Service brings people together to share home

February 6, 2015

By Maggie Katz


Clifton Journal

CLIFTON — Residents may soon find more affordable housing options in Clifton thanks to a Bridgewater-based non-profit.

In just over 30 year’s time, HomeSharing has helped make 1,600 matches to help get and keep people in homes. The non-profit matches those with a home and those seeking a home, both looking to share space and stay afloat financially.

The service has just become available in Clifton and 14 other communities in suburban Essex County, including Clifton’s neighbors, Montclair and Nutley, thanks to a grant from the Montclair-based Partners for Health Foundation.

“Providers” are residents who are looking to share their homes or apartments in order to keep them, and “seekers” are those looking for housing within their means. Seekers can apply from across the country, but providers must live in the cities served.

The $277,000 grant distributed over three years will help HomeSharing match clients called “providers” and “seekers” to meet housing needs in the expanded area.

Lisa Blum, executive director, said HomeSharing has already received some calls from the Clifton area.

Clients who stop in the office or call are briefly interviewed to gather basic information and given an application. Financial, criminal, Megan’s Law, and reference checks are then conducted. Eligible participants are personally interviewed about their living habits, pet tolerance, and even preference on how long dishes are allowed to remain in the sink.

In the case of a provider, the interview is conducted at their home, to ensure accommodations are as listed in the application. Blum said the provider must have a separate bedroom for the seeker and living space is shared.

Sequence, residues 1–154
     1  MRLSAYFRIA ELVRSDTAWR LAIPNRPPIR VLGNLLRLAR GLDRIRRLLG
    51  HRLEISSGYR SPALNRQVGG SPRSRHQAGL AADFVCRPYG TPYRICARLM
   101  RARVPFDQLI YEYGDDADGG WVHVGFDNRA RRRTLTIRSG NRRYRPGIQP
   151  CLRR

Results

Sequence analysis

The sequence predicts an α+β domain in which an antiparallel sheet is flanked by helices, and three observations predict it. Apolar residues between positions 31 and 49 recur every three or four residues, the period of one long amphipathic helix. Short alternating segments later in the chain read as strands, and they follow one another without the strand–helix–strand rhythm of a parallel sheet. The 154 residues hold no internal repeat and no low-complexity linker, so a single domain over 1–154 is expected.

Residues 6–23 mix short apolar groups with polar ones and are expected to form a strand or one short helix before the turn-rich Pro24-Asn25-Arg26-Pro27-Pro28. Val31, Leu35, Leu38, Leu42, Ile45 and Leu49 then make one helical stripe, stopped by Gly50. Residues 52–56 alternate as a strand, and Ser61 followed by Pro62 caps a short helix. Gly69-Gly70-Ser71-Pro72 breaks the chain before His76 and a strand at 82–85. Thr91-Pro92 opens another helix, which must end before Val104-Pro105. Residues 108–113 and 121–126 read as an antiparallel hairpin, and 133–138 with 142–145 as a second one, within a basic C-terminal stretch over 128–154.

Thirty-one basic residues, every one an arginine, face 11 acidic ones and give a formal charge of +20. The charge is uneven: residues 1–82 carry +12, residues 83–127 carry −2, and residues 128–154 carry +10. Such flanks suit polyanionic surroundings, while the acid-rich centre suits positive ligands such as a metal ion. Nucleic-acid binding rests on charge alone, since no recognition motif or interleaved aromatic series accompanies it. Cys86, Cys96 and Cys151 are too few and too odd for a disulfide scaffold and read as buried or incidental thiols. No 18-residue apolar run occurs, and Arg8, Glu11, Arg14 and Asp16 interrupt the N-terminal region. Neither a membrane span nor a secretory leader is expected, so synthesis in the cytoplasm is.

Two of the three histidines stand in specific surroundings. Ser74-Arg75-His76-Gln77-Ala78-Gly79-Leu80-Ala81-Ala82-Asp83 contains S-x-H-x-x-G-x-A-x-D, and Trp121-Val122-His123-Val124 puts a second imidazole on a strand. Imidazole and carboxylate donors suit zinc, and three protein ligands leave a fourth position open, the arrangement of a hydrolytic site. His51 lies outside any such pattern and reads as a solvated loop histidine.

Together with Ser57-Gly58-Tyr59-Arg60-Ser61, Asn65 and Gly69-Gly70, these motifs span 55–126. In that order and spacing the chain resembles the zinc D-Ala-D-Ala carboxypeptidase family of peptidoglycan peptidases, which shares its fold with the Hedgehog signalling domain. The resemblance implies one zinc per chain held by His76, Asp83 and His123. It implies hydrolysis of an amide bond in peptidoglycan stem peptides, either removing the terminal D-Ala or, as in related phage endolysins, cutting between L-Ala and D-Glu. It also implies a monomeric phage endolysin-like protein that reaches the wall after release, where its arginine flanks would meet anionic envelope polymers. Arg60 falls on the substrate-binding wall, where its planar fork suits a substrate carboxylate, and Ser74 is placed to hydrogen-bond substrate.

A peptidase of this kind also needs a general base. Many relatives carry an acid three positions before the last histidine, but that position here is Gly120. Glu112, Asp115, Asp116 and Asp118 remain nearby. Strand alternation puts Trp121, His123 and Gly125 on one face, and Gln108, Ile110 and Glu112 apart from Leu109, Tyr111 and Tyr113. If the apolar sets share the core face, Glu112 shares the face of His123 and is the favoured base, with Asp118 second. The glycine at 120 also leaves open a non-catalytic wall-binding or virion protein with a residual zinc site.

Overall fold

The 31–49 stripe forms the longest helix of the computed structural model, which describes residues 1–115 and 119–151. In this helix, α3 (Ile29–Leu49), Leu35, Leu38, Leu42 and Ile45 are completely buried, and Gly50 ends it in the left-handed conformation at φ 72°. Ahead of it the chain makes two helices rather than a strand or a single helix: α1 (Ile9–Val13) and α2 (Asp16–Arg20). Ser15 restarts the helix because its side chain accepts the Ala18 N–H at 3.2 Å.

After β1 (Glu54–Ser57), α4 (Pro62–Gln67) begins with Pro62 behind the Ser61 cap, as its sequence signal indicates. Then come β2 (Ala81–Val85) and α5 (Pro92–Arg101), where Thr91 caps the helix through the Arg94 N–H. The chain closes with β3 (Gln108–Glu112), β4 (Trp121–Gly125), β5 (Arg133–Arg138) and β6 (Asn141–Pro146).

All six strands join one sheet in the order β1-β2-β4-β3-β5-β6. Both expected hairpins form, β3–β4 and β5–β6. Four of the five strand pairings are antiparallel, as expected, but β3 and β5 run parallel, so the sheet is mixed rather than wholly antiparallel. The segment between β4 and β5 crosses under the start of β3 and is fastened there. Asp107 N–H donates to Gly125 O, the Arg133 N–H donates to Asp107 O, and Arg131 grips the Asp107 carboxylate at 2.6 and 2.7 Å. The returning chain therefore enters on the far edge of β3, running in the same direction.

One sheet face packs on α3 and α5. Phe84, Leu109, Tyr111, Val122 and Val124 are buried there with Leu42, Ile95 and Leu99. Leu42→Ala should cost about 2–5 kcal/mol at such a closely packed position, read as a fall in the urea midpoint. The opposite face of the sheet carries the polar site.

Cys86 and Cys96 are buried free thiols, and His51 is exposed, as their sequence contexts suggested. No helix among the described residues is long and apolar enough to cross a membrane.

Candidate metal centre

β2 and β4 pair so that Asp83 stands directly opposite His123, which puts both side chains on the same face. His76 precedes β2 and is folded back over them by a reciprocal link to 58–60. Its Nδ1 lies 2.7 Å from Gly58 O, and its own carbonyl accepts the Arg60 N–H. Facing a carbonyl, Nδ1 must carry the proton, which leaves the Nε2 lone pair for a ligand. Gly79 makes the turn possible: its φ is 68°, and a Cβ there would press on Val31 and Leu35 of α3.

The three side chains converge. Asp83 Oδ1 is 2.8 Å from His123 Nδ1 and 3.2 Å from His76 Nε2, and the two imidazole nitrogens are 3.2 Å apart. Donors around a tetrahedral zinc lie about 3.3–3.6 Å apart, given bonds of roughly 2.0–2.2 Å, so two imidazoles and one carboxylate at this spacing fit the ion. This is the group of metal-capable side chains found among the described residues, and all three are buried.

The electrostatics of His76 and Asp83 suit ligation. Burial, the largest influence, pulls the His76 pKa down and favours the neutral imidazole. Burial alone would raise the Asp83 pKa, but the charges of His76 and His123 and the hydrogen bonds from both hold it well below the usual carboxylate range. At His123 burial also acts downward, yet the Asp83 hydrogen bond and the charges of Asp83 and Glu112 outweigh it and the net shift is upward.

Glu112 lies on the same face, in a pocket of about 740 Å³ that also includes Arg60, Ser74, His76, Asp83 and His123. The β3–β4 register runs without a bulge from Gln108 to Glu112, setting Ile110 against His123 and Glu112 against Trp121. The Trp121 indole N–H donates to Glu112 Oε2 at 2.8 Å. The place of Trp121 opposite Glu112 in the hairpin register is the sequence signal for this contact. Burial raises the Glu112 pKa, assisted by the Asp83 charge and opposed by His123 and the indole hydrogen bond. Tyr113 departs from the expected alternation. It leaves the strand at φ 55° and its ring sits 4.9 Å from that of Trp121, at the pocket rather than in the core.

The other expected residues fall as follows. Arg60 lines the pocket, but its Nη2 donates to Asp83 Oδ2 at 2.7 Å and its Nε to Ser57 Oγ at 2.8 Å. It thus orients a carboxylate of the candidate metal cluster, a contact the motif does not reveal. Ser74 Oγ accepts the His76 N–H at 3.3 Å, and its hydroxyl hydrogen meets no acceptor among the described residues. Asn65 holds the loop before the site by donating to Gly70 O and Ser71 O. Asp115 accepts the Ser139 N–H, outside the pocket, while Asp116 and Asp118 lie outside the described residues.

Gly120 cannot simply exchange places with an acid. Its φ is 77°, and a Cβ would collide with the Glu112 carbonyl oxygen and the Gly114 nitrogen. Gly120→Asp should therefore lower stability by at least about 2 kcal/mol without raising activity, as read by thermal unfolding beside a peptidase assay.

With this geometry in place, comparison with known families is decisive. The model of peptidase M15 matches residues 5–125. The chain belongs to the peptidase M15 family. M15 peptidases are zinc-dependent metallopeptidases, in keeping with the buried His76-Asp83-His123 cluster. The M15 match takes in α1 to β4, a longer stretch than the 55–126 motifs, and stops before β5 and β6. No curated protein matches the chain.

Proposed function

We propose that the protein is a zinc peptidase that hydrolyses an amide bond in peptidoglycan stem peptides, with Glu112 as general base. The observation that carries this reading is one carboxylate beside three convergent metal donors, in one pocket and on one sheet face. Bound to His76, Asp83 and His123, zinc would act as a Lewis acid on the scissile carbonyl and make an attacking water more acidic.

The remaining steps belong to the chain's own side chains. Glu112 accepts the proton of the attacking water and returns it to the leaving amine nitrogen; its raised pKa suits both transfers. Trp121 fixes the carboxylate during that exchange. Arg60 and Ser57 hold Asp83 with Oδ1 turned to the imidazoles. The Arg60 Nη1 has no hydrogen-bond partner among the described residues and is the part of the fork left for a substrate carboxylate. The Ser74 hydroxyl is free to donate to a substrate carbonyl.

The service matches individuals as well as families, but when more bedrooms are required, finding suitable matches may take longer, said Blum. The process for individuals takes two weeks at minimum, she said.

HomeSharing’s website states they do not “place” applicants in homes, but provide a means to bring the parties together. Clients are given contact information and first names of possible matches and decide when and where to meet up on their own time.

After parties agree to live together, HomeSharing helps draw up “service arrangements” for sharing and check in with matches five times over the course of the first year.

Blum said 48 percent of their matches continue beyond 12 months. She added some clients are looking for a short-term arrangement, while others are more “open-ended.”

In the case of seniors Jeanette Brown and Olinda Young, they have been sharing a home for eight years.

Young discovered HomeSharing when she was facing a lay off and a rent hike. When she met Brown, a retired chemist and author, she said it was “like coming home.”

“She opened up her entire home to me,” said Young. The two have a teddy bear collection, care for their dog, share their concerns, and have grown to be “like sisters.”

They both contribute to paying the mortgage on their Hillsborough townhouse, one of the original reasons Brown sought HomeSharing, though she added she “always wanted to do it.” The two share home responsibilities.

Brown is secretary of the HomeSharing Board and Young participates in fundraising and events for the non-profit.

“Who’s going to screen a person looking for a place the way they do?” said Young, who offered advice to would-be providers.

She also encouraged possible seekers to “jump on it” because there are extra protections through the screening process those typically seeking an apartment won’t find.

“I tell people who don’t want to live alone that they can do HomeSharing,” said Brown. “You can stay at home.”